What is Lymphoma?
Lymphoma refers to malignant tumors of the lymph system. The lymph system, which is part of the immune system, is a series of nodes or glands located in numerous places throughout the body, connected by a network of vessels which carry lymph fluid, or white blood cells. Cancer that affects this system is considered quite serious because it can spread throughout the body via the lymph vessels. Recent advances in medicine have made it more treatable than ever before, however, and there has been much success in defeating it.
There are several different kinds of lymphoma, divided into two basic categories: Hodgkin's lymphoma, named after Dr. T. Hodgkin, and non-Hodgkin's lymphoma. Within each category, there are subtypes or classifications. While Hodgkin's has five subtypes, there are about 35 recognized types of cancer that fall into the non-Hodgkin's category, and differentiating between them can be difficult.
Regardless of category, each classification or subtype behaves differently and, in most cases, requires its own specific treatment regimen. Therefore, careful diagnosis is necessary. If an oncologist is part of a research board working through a university, a patient may have the advantage of his case being presented before a review board to gain a consensus on the pathology or type of cancer, staging, and treatment. If not, it's a good idea for patients to seek a second opinion from another experienced oncologist who will review the test results and make his or her own diagnosis.
Some types of lymphoma are tougher to fight than others, but generally speaking, this disease responds to treatment in most cases. The main concern is a tendency for recurrence with certain types. Chemotherapy and radiation can also produce long-term effects years after the cancer has been sent into remission, but this situation is expected to improve with time as medical advancements continue to be made.
Among promising new treatments for this type of cancer are biological drugs, such as rituxamab. This man-made antibody attaches itself to a substance called CD20, found on the surface of many types of lymphoma cells. In attaching itself, it kills the cancer cell without affecting nearby healthy cells. This is a significant improvement over chemotherapy and radiation treatments, which kill healthy and cancerous cells alike. Other types of man-made antibodies are also in use, and research is ongoing.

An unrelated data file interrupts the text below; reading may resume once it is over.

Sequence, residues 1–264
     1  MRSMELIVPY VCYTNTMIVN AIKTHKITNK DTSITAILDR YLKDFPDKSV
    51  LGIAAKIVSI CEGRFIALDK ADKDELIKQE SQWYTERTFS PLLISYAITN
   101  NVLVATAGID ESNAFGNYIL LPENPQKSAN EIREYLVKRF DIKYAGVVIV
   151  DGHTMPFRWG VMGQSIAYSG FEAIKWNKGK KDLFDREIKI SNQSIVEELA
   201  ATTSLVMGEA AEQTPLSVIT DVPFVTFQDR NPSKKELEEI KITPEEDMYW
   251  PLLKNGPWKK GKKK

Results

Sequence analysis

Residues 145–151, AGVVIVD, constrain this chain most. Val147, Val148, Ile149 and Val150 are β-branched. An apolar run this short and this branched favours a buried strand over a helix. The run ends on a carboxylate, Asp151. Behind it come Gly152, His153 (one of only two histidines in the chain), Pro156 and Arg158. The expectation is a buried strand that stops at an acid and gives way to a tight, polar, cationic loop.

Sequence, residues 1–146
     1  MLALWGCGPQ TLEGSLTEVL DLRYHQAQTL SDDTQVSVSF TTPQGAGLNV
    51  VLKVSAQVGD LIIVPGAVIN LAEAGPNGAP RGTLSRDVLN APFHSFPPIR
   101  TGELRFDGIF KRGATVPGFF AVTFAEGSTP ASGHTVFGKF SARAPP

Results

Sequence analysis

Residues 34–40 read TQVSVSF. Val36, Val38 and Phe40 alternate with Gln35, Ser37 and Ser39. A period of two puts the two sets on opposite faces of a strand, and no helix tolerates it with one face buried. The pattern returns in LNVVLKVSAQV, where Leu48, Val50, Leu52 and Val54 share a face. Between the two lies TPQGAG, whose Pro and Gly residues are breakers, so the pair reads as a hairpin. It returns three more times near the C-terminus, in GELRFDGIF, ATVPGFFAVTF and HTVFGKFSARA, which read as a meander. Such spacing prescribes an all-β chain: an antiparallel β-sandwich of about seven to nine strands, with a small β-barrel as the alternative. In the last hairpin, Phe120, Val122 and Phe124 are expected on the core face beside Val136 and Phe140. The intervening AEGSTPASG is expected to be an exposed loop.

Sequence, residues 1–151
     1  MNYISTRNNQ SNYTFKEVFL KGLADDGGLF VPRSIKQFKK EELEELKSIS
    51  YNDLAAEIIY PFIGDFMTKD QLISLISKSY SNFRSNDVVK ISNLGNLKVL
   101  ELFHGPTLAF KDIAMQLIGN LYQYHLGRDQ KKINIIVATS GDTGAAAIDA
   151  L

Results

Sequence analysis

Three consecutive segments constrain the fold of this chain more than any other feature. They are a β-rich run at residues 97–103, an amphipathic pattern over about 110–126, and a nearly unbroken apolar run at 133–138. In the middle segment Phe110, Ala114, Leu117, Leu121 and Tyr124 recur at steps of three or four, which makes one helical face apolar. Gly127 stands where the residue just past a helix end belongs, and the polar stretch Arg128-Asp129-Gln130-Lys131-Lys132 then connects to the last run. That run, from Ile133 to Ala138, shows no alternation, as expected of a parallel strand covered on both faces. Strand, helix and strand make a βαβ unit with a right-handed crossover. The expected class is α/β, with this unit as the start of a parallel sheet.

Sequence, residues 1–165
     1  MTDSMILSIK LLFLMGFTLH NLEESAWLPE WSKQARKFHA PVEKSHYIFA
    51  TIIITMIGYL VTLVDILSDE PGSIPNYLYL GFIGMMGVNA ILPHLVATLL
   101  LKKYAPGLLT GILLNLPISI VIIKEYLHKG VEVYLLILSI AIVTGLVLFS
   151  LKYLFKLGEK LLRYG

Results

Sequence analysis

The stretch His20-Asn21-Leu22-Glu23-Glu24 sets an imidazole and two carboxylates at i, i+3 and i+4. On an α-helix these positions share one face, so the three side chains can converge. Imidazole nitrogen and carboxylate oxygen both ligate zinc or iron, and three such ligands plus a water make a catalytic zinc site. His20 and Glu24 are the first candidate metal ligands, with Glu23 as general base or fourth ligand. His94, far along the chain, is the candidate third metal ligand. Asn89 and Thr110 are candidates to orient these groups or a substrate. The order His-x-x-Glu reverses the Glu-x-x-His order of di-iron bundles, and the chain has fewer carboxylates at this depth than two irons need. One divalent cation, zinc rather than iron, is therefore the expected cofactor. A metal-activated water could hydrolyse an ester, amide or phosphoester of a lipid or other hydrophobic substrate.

There is no recognized cause for lymphoma at this time, though the medical community suspects some types might be caused by a virus. People with this form of cancer, or who know someone who has been diagnosed with it, should remember that there are likely many reasons to be hopeful and positive that a full recovery can be made.
My wife is a 73-year-old, two and half year survivor of CNS Lymphoma Brain Cancer. She has clean MRIs. She was treated at Mayo/Jax for two and half years and her only residual effects are short term memory problems, which involve a rainbow of issues that only a true caretaker can recognize. She doesn’t drive and we do lots of everyday things together. But, she’s 73!
Medical science has come a long way. Have faith.
Thank you for answering my questions in an easy to understand way. Now tomorrow i will be prepared when the doctors talk to us about mom. Thank you once again.
my boyfriend has swollen lymph nodes and we don't know what it is
My husband is 29 years old, he is having masses on his hand and it is painless. i am worried about it! what is it? is it any type of cancer or anything? what are the treatments for it?
Thank you for a simple and direct guide. There is enough information to inform and not enough to scare. A friend diagnosed recently is waiting to hear what type the lymphoma. We all know it's serious, but your tone gives me hope. Having suffered different cancers myself I appreciate the softly softly approach, it helps to deal with matters day by day and not taking the long view.
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